Akedat Yitzhak, the Binding of Isaac, as this passage is known, is traditionally read on the second day of Rosh HaShanah. In most Reform congregations, however (even in some that observe two days of Rosh HaShanah), the passage is read on the first day. The story's literary power and the challenges it presents to our understanding of God, morality and faith make this narrative one of the Bible's most resonant, the subject of countless inquiries and commentaries in midrash and scholarly literature. The plot is well-known: God tests Abraham by commanding him to sacrifice his beloved son Isaac as a burnt offering. They proceed to Mount Moriah where Abraham binds his son to the altar. Only when he stands with knife raised, ready to plunge, does a messenger of God cry out for him to halt the sacrifice. Abraham is deemed meritorious for his mere willingness to fulfill God's will.
And then we read:
Abraham lifted his eyes: he could now see a ram [just] after it was caught by its horns in a thicket. Abraham went and took the ram and offered it as a burnt offering in place of his son. (22:13)
In the hands of the Rabbis, the ram caught in the thicket becomes a metaphor for the Jewish people. "Rabbi Abba son of Rabbi Pappi and Rabbi Joshua of Sikhnin said in Rabbi Levi's name: 'Because the Patriarch Abraham saw the ram extricate itself from one thicket and go and become entangled in another, the Holy One of Blessing said to him, "So will your children be entangled in countries, changing from Babylon to Media, from Media to Greece, and from Greece to Edom [Rome]"'" (Bereshit Rabbah 56:9). The early Rabbis, who lived in Diaspora under Roman rule, understood well how it felt to be trapped in a thicket. Like the poor sacrificial ram, the Jewish people have suffered a seemingly endless string of captivities, subjugations, humiliations and martyrdoms at the hands of one conquering empire after another. Later commentators would extend the roster to include the nations of Medieval Christian Europe, the Czars, the Nazis, the Soviets and the hostile Arab states that surround present-day Israel.
Some would look at the headlines and see the same image, the ram of the Jewish people entangled in a thicket of global anti-Semitism. We are entering a new year, but an age-old specter haunts us, and we must confront it. On the other hand, let us not lose perspective. We could compellingly argue that, at least in North America, there has never been a better time to be Jewish. This generation's school-age children feel far more acceptance, far more security in their own Jewish identity, than did the generation of my parents or grandparents. People of my parents' generation regularly share stories of harassment at the hands of school bullies, enduring anti-Semitic slurs and even physical intimidation and violence. And my grandparents lived through the era of immigration quotas, right here in America. Today's young people take for granted that they will enjoy friendships with representatives of all religions and races; they have never thought about anti-Semitism impeding their professional options, and I have yet to meet a high-school student-even the grandchild of Holocaust survivors-who believes that anti-Semitic bias will have any real impact on his or her life. It is disingenuous for us to liken ourselves to the ram in the thicket. We are not victims. It is good to be a Jew in America in the twenty-first century.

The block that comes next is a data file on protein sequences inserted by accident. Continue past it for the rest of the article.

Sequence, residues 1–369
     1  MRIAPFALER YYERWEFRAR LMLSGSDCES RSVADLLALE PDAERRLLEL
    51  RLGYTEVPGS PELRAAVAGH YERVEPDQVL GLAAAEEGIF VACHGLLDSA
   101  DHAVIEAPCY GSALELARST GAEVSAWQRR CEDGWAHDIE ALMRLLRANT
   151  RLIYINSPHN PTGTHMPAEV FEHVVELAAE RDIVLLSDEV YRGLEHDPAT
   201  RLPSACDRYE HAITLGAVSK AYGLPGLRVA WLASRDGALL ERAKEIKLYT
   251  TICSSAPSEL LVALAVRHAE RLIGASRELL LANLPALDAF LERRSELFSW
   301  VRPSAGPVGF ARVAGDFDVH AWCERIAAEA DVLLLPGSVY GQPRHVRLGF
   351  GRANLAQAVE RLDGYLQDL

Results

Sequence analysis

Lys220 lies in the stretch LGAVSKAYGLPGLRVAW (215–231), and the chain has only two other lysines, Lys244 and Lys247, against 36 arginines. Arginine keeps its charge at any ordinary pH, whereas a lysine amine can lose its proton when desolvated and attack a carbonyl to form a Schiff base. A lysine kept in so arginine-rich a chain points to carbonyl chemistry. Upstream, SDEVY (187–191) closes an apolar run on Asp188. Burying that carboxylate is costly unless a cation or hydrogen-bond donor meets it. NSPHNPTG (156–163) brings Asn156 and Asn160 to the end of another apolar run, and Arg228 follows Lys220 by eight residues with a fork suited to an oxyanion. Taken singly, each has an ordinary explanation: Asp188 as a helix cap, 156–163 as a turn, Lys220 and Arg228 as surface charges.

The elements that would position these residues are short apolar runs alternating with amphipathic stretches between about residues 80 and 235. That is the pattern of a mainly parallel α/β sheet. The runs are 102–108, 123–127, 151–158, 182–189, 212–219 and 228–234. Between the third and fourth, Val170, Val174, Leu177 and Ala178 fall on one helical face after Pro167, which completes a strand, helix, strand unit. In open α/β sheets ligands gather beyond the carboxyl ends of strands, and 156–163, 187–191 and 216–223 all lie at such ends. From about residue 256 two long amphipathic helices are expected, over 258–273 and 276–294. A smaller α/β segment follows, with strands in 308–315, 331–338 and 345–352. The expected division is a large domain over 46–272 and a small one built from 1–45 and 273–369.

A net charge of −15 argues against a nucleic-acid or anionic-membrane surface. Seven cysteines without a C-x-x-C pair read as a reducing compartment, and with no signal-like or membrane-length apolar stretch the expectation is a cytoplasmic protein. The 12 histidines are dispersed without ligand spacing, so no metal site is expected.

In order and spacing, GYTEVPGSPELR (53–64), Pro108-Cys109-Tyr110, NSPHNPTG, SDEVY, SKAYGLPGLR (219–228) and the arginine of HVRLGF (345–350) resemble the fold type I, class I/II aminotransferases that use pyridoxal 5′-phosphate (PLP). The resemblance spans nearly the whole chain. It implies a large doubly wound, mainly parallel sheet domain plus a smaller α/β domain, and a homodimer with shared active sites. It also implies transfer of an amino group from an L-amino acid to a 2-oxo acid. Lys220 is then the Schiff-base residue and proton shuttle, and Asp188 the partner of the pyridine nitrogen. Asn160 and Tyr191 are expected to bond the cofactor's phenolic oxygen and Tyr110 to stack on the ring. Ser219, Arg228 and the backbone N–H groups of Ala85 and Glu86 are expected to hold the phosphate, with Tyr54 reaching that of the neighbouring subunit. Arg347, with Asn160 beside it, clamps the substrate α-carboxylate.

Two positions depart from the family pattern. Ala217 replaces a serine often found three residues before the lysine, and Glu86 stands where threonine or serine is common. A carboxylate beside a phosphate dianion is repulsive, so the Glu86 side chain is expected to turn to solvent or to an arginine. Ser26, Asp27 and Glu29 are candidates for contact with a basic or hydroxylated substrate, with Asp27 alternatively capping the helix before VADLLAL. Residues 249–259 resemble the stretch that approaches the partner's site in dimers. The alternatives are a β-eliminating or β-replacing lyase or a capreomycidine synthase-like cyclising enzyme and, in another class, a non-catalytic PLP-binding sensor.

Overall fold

While global anti-Semitism persists in all of its historical ugliness-a genuine menace that we must confront-we should not make the mistake of letting anti-Semitism define our Jewish identity. Rabbi Harold Schulweis said, "The Holocaust is our tragedy, not our rationale," a declaration framed by Rabbi Jack Stern, z"l, who wrote, "We should take our children back beyond Auschwitz to Sinai. We should take our children forward beyond a system of life defense to a system of life value; beyond a sense of Jewish foreboding to a sense of Jewish commitment, and ultimately to the Shabbat and the Torah that some of our forebears left behind, which, in the final analysis, may be the best way of all to combat anti-Semitism" (The Right Not To Remain Silent, 177).
I pray that in the new year we will find a way out of the thicket of confining outlooks, to the vista that allows us to see a bright Jewish future for us and our children. L'shanah tovah!
1. Can you think of a time in your life when you personally experienced anti-Semitism? Ask members of your family or circle of friends if they have experienced anti-Semitism. Can you identify any trends from the ages and experiences of the people who share their anti-Semitic encounters?
2. A hypothetical exercise: If you could give a charitable donation either to a new Holocaust Museum in your community or to a new interdenominational Jewish day school, which would you choose and why?
3. What other reports of anti-Semitism have you encountered lately? How do you know if they're true?
For Further Learning
In Yehuda Amichai's poem "The Real Hero," he writes, "The real hero of the Isaac story was the ram,/who didn't know about the conspiracy between the others./As if he had volunteered to die instead of Isaac" (Bloch and Mitchell, trans., The Selected Poetry of Yehuda Amichai). What do these lines suggest about how Amichai uses the imagery of Akedat Yitzhak to construct an alternative narrative?
Watch this Bimbam video to learn more:
Yom Rishon shel Rosh HaShanah, Genesis 22:1‒19
The Torah, A Modern Commentary, pp. 146‒147; Revised Edition, pp. 135 ‒136;
The Torah, A Women's Commentary, pp. 101–103